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What Really Happened in Celebgate?


So what happened in the celebrity leaked photos scandal breaking out this week? The one dubbed ( Celebgate )?

Let’s examine the facts piece by piece.

Several chat boards and online bulletin boards boasted links this week to leaked celebrity pictures of big names on the celebrity arena such as Jennifer Lawrence and Kate Upton among many others. The victims in this massive leaked celeb photos wave include Rihanna, Kirsten Dunst, Selena Gomez, Brie Larson, and Jessica Brown Findlay. Ariana Grande and Victoria Justice say the nudes posted of them are fakes.

What is dubbed now as celebgate took the internet world in a frenzy. From people attacking cloud providing companies such as Apple and Google for failure to protect those ladies’ privacy to people searching for download links (pervert’s heaven) to rights groups urging to respect the privacy of celebs involved to, of course, those “people” slut shaming the women for taking nude photos of themselves. In other words, if you are not talking about celebgate, you should be.

So what did happen EXACTLY in Celebgate?

Let’s admit it, smartphones can be hacked. Hackers are a fact of life. Someone went and basically got those ladies’ Apple (most of them apparently owning an iPhone) or Google credentials and easily located their files, including their photos. Apple’s iCloud  and Google hacked? Jury is still out on that one. Apple did say it was “outraged” at the breach once the photos retrieved from over 100+ celebrity accounts were leaked and spent almost 40 hours investigating (photos had then been shared a billion times and could be found in under 5 minutes flat, I personally tried finding them but didn’t download, more on that below).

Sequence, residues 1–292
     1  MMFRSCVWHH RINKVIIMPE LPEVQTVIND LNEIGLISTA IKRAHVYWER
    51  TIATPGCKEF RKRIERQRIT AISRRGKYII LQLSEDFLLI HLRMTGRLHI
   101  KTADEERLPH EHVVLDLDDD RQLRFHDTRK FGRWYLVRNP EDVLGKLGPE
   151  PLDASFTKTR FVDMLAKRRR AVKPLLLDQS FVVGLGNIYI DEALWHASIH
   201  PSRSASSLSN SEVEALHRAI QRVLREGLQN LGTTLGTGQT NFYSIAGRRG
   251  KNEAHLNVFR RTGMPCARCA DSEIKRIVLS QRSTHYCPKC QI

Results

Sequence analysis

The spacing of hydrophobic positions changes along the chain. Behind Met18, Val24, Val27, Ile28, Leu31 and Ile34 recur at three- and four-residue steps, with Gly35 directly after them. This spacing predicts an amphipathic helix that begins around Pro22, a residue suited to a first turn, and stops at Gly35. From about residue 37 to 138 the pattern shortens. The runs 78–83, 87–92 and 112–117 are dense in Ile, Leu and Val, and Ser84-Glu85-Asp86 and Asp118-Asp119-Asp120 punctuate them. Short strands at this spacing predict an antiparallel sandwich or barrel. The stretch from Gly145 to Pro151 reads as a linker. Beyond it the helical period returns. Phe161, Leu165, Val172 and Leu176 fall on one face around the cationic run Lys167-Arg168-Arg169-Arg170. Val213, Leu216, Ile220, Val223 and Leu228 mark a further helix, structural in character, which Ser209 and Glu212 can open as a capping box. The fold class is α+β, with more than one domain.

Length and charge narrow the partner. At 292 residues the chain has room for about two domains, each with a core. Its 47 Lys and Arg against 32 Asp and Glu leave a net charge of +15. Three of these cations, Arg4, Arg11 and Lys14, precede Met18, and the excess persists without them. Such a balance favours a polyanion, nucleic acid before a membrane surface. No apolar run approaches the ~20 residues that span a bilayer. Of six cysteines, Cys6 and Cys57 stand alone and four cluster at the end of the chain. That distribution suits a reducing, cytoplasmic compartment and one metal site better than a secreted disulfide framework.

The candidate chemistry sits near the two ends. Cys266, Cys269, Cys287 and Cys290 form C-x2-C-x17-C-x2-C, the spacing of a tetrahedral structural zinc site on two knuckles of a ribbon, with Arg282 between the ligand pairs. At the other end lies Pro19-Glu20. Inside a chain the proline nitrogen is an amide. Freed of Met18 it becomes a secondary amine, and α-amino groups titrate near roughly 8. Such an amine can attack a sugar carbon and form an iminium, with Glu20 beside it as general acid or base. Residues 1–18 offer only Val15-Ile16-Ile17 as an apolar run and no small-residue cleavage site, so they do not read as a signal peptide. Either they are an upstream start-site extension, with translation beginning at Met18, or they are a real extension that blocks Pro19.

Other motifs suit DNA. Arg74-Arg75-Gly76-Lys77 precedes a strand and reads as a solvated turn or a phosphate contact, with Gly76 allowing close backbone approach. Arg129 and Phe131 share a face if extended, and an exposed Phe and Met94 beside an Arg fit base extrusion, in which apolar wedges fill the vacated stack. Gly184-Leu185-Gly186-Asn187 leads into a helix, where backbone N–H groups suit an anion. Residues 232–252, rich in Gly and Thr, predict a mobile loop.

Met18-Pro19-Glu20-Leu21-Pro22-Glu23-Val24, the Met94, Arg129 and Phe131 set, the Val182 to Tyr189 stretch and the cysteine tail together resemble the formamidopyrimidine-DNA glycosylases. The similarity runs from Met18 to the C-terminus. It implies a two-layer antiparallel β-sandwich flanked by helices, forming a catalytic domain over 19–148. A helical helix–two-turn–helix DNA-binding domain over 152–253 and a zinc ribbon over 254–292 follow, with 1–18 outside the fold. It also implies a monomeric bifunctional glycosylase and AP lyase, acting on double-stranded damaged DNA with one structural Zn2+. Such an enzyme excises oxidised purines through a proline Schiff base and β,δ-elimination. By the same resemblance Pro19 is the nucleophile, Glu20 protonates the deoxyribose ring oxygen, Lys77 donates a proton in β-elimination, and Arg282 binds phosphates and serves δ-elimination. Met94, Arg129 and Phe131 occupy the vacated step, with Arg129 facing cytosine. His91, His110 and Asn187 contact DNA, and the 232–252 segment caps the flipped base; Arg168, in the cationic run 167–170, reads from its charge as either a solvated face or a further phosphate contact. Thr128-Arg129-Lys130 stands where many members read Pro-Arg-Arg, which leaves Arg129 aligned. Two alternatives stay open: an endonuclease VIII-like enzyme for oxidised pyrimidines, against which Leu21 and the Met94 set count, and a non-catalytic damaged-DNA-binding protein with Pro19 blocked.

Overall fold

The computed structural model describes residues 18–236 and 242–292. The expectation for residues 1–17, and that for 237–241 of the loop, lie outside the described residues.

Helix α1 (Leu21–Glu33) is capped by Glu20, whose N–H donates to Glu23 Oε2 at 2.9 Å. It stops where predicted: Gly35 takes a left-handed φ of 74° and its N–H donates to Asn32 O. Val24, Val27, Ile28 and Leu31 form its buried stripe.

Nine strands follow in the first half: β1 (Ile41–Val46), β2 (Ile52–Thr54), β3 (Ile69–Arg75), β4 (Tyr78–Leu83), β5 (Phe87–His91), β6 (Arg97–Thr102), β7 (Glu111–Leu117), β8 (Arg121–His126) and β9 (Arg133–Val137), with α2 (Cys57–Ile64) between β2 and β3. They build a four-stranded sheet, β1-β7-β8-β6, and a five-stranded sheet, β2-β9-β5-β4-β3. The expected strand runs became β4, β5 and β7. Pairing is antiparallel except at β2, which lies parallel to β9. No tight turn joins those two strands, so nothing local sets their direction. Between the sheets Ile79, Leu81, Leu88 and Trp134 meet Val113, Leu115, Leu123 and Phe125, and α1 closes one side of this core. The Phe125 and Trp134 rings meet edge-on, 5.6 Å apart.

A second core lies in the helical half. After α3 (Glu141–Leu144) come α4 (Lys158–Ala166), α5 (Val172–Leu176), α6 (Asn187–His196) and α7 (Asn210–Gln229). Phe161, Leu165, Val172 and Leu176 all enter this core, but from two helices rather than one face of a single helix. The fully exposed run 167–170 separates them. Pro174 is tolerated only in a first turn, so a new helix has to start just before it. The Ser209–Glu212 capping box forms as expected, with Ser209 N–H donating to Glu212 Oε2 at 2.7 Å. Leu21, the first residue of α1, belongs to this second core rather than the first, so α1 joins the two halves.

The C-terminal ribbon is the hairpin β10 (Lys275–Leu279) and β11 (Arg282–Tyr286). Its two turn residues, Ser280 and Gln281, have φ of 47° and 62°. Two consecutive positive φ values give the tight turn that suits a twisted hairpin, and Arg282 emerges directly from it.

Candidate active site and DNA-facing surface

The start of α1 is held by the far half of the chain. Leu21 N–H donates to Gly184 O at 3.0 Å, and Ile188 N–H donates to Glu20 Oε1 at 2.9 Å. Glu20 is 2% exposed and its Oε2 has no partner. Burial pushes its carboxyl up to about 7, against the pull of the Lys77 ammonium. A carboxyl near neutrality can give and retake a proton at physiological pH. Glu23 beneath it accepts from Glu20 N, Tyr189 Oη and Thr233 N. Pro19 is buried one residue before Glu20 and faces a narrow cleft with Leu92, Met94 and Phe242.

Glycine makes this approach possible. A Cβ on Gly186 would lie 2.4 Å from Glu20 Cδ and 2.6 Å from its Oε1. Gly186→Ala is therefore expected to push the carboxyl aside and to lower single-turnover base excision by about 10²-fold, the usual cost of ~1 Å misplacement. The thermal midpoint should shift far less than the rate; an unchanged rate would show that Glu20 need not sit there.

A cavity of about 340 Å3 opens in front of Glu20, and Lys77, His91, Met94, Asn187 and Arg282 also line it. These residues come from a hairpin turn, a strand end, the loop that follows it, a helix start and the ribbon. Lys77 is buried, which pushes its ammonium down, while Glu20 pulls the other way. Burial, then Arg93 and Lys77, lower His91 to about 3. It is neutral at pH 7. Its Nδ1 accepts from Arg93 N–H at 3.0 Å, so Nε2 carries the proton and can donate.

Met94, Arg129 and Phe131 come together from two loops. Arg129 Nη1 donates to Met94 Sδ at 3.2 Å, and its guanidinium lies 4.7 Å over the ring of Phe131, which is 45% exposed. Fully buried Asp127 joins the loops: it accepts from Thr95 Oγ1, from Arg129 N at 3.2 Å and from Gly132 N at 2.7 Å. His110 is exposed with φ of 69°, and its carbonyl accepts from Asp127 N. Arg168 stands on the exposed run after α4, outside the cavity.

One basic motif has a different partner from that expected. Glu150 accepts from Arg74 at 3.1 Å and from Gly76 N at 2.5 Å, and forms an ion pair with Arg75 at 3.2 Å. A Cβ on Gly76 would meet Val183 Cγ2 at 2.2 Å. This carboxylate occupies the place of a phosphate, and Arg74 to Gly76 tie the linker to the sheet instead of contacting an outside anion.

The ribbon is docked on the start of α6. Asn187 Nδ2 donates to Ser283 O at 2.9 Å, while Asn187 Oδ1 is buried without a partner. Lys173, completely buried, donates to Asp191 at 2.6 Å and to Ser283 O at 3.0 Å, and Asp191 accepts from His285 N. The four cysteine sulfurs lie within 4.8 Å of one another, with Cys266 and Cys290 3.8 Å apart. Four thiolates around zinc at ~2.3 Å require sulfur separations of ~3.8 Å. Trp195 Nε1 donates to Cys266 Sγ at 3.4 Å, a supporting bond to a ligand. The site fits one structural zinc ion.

So now you have the basic facts, accounts were compromised, nude or semi nude photos (PRIVATE nude photos at that) were shared and everyone’s thoughts on cyber safety are shattered.  Does it end here? No, it doesn’t.


Let’s break down how this issue should affect the world of social media and internet safety.

I find it easier to put myself into anyone’s shoes and ask the average questions.

1- Were Apple and Google hacked? Was there a security breech?

Nope, what basically happened is that those hackers (teenagers with too much time on their hands) spent a considerable amount of time guessing those celebrity passwords via the security questions section, designed to help you retrieve your account if you fail to remember your password.

Typically security questions are about personal events in your life (pet’s name, aunt’s name, mother’s maid name, year you graduated high school) , in the celebrity field, any celebrity stalker could easily find answers to those questions.

2- So, they are at fault? Cloud security is awful then! Well, the only fault I managed to think off wasn’t red flagging those accounts after what I assume, days, of putting in wrong information in the security question field. Shouldn’t be there a definite amount of times you are allowed a wrong password/ answers then your account is suspended. Well, it doesn’t seem to be the case here. Those hackers had days and weeks of trial and error with those providers not even noticing something was amiss. 3- Should I turn off my cloud accounts? Should I never share or sync anything online? Sure, if you want to, while you are at it, try to find a rock to sleep under because you are back to the Stone Age! Of Course NOT! What you should contemplate is how this service saves you time by keeping ALL your gadgets synchronized. Remember a time where you had to walk with a flash drive containing your backup information? I, personally, live in that cloud. I need it! I want it!

4- They are coming back for my photos and information!